Monthly Archives: December 2010

Butterfly Totem

Butterfly Totem

Butterfly Totem, photo by Harold Davis. View this image larger.

This started as a photo of a backlit butterfly on white. I then composited the butterfly with itself at a variety of magnifications, and used LAB inversions and equalizations. As I saw the motif of the wolf or coyote head in the middle of the butterfly emerge, I worked to enhance this aspect of the composition.

Posted in Photograms, Photography, Photoshop Techniques

Double Double

Double Double

Double Double, photo by Harold Davis. View this image larger.

Not only was this Alabama Hills rainbow intense, it was also nearly complete. As in double wide. And double double. Best seen larger in all its double-double, double-wide glory.

Posted in Landscape, Photography

Chasing Rainbows


Rainbow, photo by Harold Davis. View this image larger.

So the number one trick with rainbows is to be there with your camera when there is a rainbow. Rainbows need rainy weather—or at least clouds that are loaded with moisture—and sunshine. So days with rain that stops and starts are good bets, as is a storm system that is coming to an end. Don’t forget the sunshine part of the equation: it’s as important as the clouds.

You also want side lighting. I rarely see strong rainbows on the axis of the sun. These things are formed when the sunlight strikes moisture in the clouds, revealing the prismatic refractions that occur when light travels through the curvature in raindrops. For example, in this shot sunlight was coming strongly from the right, out of the photo.

The angle of light that creates rainbows is perfect for a circular Polarizing filter. When I see a rainbow forming, I almost always pull my Polarizer out of my bag. If I rotate the Polarizer, depending upon the rotation, the rainbow almost completely disappears—or becomes much stronger, with richer colors. You can bank on adding some zip to a rainbow’s colors using a Polarizer—it’s about as close to a sure thing as you get in landscape photography.

As I explained in the linked story, this rainbow was a bonus feature during last month’s night photography workshop in the Alabama Hills. After a while, you get a nose for rainbow weather—and rainbows certainly seemed likely on the day I shot this one. If you join Steven and myself for next year’s workshop (tentatively scheduled for November, 2011) who knows—we may see another rainbow!

Posted in Landscape, Photography



Gabriella, photo by Harold Davis.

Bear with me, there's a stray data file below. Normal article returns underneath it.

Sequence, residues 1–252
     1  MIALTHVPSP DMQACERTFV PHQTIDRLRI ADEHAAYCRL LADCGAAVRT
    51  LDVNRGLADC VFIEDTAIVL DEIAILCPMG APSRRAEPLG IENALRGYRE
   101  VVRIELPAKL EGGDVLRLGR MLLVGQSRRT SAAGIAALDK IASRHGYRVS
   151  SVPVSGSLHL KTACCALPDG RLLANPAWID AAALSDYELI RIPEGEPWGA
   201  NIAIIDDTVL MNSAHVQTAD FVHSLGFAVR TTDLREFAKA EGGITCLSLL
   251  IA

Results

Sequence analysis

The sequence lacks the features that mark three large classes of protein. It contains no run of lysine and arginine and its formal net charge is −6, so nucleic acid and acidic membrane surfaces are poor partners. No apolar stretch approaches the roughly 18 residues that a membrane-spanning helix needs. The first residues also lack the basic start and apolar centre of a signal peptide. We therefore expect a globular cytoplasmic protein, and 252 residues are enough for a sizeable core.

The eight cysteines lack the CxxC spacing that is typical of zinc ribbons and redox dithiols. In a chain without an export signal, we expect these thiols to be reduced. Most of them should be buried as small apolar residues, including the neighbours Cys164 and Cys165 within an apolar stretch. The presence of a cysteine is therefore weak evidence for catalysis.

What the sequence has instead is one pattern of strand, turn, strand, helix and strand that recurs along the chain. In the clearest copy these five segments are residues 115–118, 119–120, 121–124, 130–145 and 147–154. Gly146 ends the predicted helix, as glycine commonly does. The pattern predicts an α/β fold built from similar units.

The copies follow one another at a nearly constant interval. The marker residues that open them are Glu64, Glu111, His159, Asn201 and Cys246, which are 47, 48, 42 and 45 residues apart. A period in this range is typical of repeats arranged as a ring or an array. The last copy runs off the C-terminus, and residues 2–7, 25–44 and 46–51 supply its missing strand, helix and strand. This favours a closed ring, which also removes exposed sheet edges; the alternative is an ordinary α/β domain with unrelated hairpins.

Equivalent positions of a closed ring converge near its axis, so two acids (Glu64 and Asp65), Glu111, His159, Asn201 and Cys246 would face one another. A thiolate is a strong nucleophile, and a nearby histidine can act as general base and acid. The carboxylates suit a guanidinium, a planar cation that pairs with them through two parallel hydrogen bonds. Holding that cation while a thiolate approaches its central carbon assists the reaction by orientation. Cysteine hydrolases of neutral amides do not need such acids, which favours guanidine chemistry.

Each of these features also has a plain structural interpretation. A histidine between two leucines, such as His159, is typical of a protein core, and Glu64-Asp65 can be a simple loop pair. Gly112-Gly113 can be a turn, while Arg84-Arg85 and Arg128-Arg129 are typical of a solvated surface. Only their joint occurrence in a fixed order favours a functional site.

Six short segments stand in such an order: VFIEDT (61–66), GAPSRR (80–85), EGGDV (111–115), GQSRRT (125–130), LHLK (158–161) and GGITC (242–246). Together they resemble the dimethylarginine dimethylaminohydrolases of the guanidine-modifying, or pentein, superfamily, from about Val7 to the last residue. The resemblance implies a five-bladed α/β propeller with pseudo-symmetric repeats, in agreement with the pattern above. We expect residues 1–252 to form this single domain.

I think this shot of Gabriella was a little too bright and contrasty because the soft box was dialed up too much and a bit too close to her face—on the right side of the image you see here. But looking at the RAW file, I liked the way this high key portrait showed the lines in her face, making it almost like a mask. So I processed the photo to emphasize this effect, essentially desaturating it then adding back in selective color in the eyes, lips, a bit of blush on her cheek, and some color in the hair line. One more take on virtual, digital make-up!

Posted in Models, Photography

Sunrise, Alabama Hills

Sunrise, Alabama Hills

Sunrise, Alabama Hills, photo by Harold Davis. View this image larger.

Do you miss the colors of sunrise in this landscape shot taken in the Alabama Hills above Lone Pine, California last month? At first I thought I might—then I saw how the absence of color evokes more memorable color connections that the color itself ever could.

Monochromatic conversion mostly accomplished with the High Contrast Red preset applied as a Photoshop B&W adjustment layer. For comparison, here’s a link to a color presentation of a shot taken at about the same time, showing dawn at the Alabama Hills with Mount Whitney behind.

Posted in Landscape, Monochrome, Photography

Run Silent Run Deep

Run Silent Run Deep

Run Silent Run Deep, photo by Harold Davis. View this image larger.

This is Photoshop art, created from the photo of a rose hip and seeds shown below. I photographed this rose core on a light box, surrounded by a light tent to provide diffuse, shadowless lighting.

In Photoshop, I used the LAB color techniques shown in The Photoshop Darkroom: Creative Digital Post-Processing to generate the special color effects. Then I composited enlarged versions of the original image with itself, following steps shown in The Photoshop Darkroom 2: Creative Digital Transformations, to come up with the final image.

Pretty far from what I shot, but kinda cool, huh?

Spent Rose

Posted in Flowers, Photography, Photoshop Techniques

Flaming Lotus Girls Calendar

Serpent Mother and Egg

Serpent Mother and Egg, photo by Harold Davis.

I’m pleased to see this shot of mine in the Flaming Lotus Girls 2011-2012 calendar. Flaming Lotus Girls made the Serpent Mother sculpture and I shot it a few years ago at The Crucible in Oakland; here’s my original story about the shoot.

Posted in Digital Night, Photography